A recurring theme in Sauer’s work is the tremendous importance and antiquity of the domestication of plants and animals. In Agricultural Origins and Dispersals (1952a), he summarized his efforts to locate the principal hearths of domestication and the subsequent routes and extent of1 dispersal. Using archeological and ethnographic evidence, Sauer argued that the origins of cultivation must have been in the woodlands rather than in riverine valleys of the world. He made a basic distinction between the agricultural complexes of monsoon Asia and northwestern South America, which are largely dependent on vegetative reproduction by slips and cuttings, and the seed cultures of southwest Asia and of Mexico and Central America. Sauer hypothesized that the earliest form of plant selection involved asexual plant propagation and that it was probably first practiced by the sedentary fishing peoples living around the shallow seas of southeast Asia. The early domestic animals of these peoples were household animals such as the dog, pig, and chicken. Sauer accepted the view that plant selection by seed reproduction came later, and he was influenced by N. I. Vavilov in pointing to China, India, and Ethiopia as Old World centers of seed domestication. He associated herd animals with cereal cultivation and accepted Eduard Hahn’s theory of a mixed economy in which milking of animals was a culture trait integrally involved in the process and purpose of their domestication, probably for noneconomic ends. His research along these lines has especially attracted the attention of anthropologists and archeologists. Many of his speculations regarding the antiquity of man in the New World, Pleistocene ecology, and the relation of changing sea levels and shore configurations to human occupation sites continue to stimulate new research.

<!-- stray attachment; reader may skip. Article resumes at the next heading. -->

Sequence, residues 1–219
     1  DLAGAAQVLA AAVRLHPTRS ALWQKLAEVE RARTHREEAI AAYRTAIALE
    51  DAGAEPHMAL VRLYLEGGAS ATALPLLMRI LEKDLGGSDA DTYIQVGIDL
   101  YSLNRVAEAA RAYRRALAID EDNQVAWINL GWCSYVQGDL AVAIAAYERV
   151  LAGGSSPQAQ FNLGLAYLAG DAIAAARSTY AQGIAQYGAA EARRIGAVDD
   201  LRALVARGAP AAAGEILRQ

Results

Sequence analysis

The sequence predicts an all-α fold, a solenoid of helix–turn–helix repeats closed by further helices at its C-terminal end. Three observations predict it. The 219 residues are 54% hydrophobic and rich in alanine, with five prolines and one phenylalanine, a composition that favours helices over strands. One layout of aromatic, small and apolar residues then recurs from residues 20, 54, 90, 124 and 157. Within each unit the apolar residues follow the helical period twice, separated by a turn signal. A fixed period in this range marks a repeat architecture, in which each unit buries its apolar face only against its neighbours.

Sauer has insisted on the close links of cultural geography with both biology and the earth sciences. He sees man as the ecologic dominant in nature, intervening more and more decisively to change the balance and nature of organic life. He has, for example, insisted that the problems of increasing world-wide desiccation are caused by agricultural and grazing practices and not by “climate deterioration.” He has repeatedly written about the historical processes of biotic destruction and soil depletion as reflections of changing technology and changing attitudes about the earth. Another theme in his writings has been the role of fire, especially of fires set by man, in the modification of the vegetative covering of the earth and the establishment of grasslands. He was the principal organizer of an international symposium held at Princeton in 1955 that focused on“Man’s Role in Changing the Face of the Earth” (1956a).